How ABA Therapy Helps Young Adults Transition to Independence
Parents who have children on the autism spectrum may receive services for their children through the school district, but those services tend to be somewhat limited. Additionally, services provided by a school district may be denied if the school feels that a child doesn’t really need them. This often leaves parents with autistic children in a lurch.
Add to the fact that many children age out of public school and supports to help them transition are almost nil and you have quite a complicated situation. What do you do to help a teen with autism transition into adulthood? Most parents try to teach their children how to cook, clean, shop, budget, etc., but what if a parent doesn’t know how or where to start or a teen with autism is non-verbal? That is essentially where ABA therapy comes in, and hopefully, you can secure these services years before your child is beginning that transition process.
Teens have a hard enough time learning how to communicate with others. Throw autism into the mix, and these teens are completely lost. They may become the kids nobody wants to sit with at lunch, or the kids that are attracted to other teens romantically but often inadvertently say or do something that makes non-ASD peers very uncomfortable. Schools do not do a lot to help these teenagers learn how to interact with their peers, which ends up stunting their ability to interact with other adults once these teens are adults themselves.
ABA therapy focuses on each teenager’s individual communication strengths and weaknesses. If he/she is nonverbal but seems to understand spoken speech, an ABA therapy looks at alternative means of helping this teen communicate. Special apps on tablets or old-fashioned communication boards using pictures and velcro or even sign language help the non-verbal teens find their “voices.”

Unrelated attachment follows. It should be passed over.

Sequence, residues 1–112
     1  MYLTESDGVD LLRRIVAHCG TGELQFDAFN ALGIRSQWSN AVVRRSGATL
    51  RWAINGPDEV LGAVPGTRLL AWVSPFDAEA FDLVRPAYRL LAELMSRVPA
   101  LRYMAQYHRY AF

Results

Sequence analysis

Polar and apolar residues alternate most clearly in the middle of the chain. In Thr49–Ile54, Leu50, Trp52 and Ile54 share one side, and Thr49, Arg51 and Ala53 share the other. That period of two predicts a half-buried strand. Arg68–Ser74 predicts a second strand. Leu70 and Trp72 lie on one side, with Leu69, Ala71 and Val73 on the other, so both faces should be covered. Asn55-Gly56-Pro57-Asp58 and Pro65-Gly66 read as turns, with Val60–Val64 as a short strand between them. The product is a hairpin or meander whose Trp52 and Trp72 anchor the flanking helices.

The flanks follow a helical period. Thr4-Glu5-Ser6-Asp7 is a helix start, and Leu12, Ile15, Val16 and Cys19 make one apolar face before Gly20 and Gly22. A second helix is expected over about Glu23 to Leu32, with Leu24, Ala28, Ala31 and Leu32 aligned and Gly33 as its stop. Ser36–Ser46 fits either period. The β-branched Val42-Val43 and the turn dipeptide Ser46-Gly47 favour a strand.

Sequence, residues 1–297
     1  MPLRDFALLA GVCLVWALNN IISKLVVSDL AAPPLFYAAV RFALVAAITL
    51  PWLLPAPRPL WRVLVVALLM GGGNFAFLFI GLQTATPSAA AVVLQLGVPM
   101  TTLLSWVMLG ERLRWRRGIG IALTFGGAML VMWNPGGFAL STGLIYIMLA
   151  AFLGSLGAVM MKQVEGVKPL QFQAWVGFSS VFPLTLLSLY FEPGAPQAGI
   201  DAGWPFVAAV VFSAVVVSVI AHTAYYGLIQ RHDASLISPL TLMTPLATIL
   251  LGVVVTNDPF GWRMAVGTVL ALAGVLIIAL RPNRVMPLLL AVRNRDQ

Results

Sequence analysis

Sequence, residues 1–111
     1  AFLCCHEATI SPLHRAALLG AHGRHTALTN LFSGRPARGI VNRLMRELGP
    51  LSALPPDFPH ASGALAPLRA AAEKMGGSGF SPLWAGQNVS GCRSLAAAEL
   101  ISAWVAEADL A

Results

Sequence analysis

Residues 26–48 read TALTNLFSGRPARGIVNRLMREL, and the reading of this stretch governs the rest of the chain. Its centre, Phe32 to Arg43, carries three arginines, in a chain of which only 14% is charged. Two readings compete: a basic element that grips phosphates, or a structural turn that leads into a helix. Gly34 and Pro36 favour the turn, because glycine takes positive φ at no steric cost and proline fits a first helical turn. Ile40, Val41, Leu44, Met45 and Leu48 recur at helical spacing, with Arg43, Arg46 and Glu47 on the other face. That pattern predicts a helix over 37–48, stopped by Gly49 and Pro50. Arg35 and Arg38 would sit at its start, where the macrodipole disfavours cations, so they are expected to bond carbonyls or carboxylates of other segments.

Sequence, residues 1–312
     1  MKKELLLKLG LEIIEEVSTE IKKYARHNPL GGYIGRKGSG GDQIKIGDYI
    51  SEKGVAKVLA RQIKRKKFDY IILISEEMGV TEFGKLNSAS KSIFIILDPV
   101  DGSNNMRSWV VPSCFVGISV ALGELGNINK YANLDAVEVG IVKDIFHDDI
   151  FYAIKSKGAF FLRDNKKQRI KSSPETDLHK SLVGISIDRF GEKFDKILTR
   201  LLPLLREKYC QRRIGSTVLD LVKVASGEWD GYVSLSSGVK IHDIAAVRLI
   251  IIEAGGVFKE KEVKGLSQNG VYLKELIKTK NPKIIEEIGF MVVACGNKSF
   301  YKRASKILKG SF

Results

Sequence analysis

Teens that are verbal take a slightly different route during ABA therapy sessions. They are taught how to watch for non-verbal language, interpret it, and respond to what they see and hear. They may also be encouraged to spend more time looking at faces and interpreting facial expressions and facial cues. Practicing interactive communication skills is par for the course for the verbal teen with ASD too. Eventually, things like practicing for a job interview, writing a resume, being able to talk about oneself without delving into one hyper-focused special interest, etc., are also taught.
Time Management and Making Good Choices
Children, teens, and adults with ASD have many difficulties with time management and making choices. They are almost always overwhelmed with faced with an important decision. It is akin to a neurotypical person walking into an ice cream shop that has thirty-one flavors and only being able to choose a single scoop of one flavor. That is what it is like every moment of every day for a person on the spectrum. They bounce from decision to decision, frequently becoming so overwhelmed with one decision that they cannot make any other decisions and become “stuck”.
When it comes to managing their time, that is even more difficult, especially if the child, teen, or adult already gets “stuck” at an earlier point in the day and can’t stop thinking about it. They lose any ability to plan and stick to a plan. As such, they may be viewed as lazy or as procrastinators, when in fact the problem has many more layers to it.